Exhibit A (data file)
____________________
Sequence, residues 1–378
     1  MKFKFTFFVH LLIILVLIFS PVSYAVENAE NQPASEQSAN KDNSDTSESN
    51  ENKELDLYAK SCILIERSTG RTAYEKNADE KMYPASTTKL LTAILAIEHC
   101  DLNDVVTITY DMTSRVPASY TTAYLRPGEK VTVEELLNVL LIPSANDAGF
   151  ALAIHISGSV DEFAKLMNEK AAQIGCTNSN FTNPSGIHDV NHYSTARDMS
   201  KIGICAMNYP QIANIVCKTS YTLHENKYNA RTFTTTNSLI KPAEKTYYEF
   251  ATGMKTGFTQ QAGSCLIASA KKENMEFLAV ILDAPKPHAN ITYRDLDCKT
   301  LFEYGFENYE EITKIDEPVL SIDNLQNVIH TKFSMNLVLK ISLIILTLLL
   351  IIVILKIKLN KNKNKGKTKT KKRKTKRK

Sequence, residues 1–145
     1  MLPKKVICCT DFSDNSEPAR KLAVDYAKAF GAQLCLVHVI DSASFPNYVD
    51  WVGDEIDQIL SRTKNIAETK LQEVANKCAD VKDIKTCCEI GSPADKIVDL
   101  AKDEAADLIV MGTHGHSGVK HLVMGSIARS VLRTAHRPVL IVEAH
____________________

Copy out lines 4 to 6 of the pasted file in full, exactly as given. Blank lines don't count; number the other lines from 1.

   101  DLNDVVTITY DMTSRVPASY TTAYLRPGEK VTVEELLNVL LIPSANDAGF
   151  ALAIHISGSV DEFAKLMNEK AAQIGCTNSN FTNPSGIHDV NHYSTARDMS
   201  KIGICAMNYP QIANIVCKTS YTLHENKYNA RTFTTTNSLI KPAEKTYYEF